Friday, September 21, 2012
Atlanta Symphony Orchestra: musicians locked out; concerts cancelled. This was after the musicians agreed to a 11% pay cut.
Indianapolis Symphony Orchestra: ibid, after musicians agreed to a temporary extension of the current contract in order to avoid canceling concerts.
Minnesota Orchestra: Running nearly $4 million deficit; announced 28% pay cut for musicians while engaged in a $50 million renovation of the lobby areas of Orchestra Hall.
St. Paul Chamber Orchestra: In a "significant stretch" for the organization, has offered players a two-tiered system of minimum salaries resulting in a 15% pay reduction.
San Antonio Symphony: no approved budget, no contract with its musicians and no date set to come up with a new plan.
AND, Boston is still without a music director.
AND, Philadelphia is crawling out of bankruptcy proceedings that benefitted few but the attorneys.
In Louisville, things still appear tense, but the show is going on.
Detroit Symphony: recovering from a six-month-long strike two years ago, has hired a new concertmaster, lured a principal flutist away from the "Dude's" LA Phil, and filled a number of the gaps brought about by musicians' exoduses.
The New Mexico Philharmonic has risen from the ashes of the bankrupt New Mexico Symphony.
The Hawaii Symphony (formerly the Honolulu Symphony) has no current program information on its website.
The Syracuse (NY) Symphony is dead, but former members of that organization (down to 40 players of the original 61) are attempting to revive an ensemble under the name Symphony Syracuse. They face an uphill battle.
JUST IN FROM THE JACKSONVILLE (FL) SYMPHONY: The Board has declared an impasse and will impose the stipulations of their most recent contract offer, which include a base salary decrease of 20% and a 45% decrease in health insurance coverage--in addition to a season that is four weeks shorter.
Sean Andrew Chen writes in the Next American City that the fate of the contemporary symphony orchestra may be tied to the community it serves:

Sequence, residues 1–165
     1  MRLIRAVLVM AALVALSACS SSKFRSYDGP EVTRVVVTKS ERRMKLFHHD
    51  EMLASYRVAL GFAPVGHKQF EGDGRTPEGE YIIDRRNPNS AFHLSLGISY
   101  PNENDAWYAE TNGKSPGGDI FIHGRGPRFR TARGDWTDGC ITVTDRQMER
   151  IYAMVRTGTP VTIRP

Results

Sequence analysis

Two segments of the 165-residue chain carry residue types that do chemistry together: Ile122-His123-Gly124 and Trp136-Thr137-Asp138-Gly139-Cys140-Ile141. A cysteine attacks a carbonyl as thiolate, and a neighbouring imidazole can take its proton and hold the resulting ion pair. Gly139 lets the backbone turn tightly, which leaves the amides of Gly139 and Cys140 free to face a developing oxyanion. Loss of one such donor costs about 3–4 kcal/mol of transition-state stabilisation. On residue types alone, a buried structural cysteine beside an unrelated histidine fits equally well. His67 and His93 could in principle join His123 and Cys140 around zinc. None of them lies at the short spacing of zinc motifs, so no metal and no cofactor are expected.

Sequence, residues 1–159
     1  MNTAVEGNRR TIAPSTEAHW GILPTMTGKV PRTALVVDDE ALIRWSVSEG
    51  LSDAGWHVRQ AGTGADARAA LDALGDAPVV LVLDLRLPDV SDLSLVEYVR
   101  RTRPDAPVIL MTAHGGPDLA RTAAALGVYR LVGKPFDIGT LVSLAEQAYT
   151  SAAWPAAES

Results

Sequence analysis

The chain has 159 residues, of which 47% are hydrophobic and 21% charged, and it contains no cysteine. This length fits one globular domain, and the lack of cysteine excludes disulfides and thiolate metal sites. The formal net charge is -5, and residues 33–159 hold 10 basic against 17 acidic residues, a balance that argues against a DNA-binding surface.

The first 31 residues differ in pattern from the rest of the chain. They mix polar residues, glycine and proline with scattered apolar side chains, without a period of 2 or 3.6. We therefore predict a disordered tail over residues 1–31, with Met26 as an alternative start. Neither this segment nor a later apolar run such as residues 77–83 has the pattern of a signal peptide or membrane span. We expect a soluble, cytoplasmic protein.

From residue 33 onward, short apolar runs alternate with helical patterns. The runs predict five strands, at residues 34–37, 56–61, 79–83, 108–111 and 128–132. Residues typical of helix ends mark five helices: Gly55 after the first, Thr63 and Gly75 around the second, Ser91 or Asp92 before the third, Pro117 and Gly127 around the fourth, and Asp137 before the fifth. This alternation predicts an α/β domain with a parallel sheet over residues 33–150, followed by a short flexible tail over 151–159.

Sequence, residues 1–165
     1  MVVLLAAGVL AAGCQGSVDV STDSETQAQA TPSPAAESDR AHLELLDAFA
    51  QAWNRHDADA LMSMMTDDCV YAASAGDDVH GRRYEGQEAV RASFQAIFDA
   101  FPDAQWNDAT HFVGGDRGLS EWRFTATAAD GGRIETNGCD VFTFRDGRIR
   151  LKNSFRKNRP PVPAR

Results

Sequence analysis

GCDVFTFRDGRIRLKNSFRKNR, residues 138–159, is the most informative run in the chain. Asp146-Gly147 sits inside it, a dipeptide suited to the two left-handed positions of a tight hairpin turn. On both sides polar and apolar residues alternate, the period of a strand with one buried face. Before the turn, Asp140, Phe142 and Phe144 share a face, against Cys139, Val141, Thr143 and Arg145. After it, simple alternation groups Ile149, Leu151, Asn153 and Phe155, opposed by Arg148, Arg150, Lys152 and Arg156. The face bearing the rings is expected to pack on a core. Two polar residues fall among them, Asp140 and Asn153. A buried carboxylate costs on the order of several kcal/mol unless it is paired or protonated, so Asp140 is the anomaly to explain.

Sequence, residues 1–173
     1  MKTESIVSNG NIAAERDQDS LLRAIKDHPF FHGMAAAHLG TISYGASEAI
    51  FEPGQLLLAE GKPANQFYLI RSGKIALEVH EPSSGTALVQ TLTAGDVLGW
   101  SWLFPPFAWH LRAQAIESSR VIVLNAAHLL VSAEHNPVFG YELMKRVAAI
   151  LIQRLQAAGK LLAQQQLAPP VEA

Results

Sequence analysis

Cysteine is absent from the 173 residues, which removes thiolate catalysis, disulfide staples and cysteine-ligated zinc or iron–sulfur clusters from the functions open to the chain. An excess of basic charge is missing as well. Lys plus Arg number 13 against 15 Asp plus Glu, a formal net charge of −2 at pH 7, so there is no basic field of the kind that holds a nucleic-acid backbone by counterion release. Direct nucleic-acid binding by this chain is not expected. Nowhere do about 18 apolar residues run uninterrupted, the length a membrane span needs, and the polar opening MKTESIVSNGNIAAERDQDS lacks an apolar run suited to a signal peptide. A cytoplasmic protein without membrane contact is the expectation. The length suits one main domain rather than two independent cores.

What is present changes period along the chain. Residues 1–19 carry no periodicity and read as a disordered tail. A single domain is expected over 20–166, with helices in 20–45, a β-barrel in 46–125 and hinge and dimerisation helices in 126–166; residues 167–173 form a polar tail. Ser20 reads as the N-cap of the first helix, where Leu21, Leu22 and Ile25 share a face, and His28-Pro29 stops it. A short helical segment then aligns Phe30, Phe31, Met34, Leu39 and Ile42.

Is it possible that the fate of our orchestras is tied more to the fate of our cities than to the preferences of our ears? While some cities have come back from the brink, bringing with them great orchestras like the New York Philharmonic (and raising new ones like the Los Angeles Philharmonic), smaller, regional cities have been left struggling along with their orchestras. And to survive, orchestras like Philadelphia’s will have to not only keep their heads above water, but reinvent themselves just as recovering cities have done.
Sunday, September 16, 2012
|Waterloo Elks Lodge|
I usually complete the full season's set of notes in one sitting over the summer months, but that didn't happen this year. So harm done; my first deadline arrived and I delivered on time. (I am currently finished with the fall in toto and about 30% finished for the spring; once I get working on these projects, I get more than a bit of tunnel vision and simply want to get it done so I do not have to think of it anymore.) But as I was preparing the copy for the November concert, I really became enthralled with the program. It includes:
- Walter Piston: Divertimento: written in 1946 for flute, oboe, clarinet, bassoon, string quartet, and contrabass, this piece marks Piston's departure from his earlier works. Joseph Stevenson writes, “It is not a change of style or technique; the music remains contrapuntal and chromatic. It is a question of tone and mood: There is more optimism, less cynicism.”
- John Harbison: North and South, a six-song cycle based on the poetry of Elizabeth Bishop (1911-1979). The author herself had wished that someone would set her poetry to music and Harbison has done an amazing job, crafting six evocative poems into a set written for the late Lorraine Hunt Lieberson.
- Morton Gould: Benny's Gig, a set of duos for clarinet and double bass, written for the legendary Benny Goodman.
- Bohuslav Martinu: the wacky ballet score, Le Revue de Cuisine.
- Samuel Barber's popular (and rightly so) Knoxville, Summer of 1915, written on a commission from soprano Eleanor Steber (performer of the title role in the 1958 Met production of Barber’s Vanessa) who premiered it in 1948, with the Boston Symphony Orchestra under Serge Koussevitzky. Barber’s compositional imagery has been described as rhapsodic as the music is such a poignant accompaniment to the text.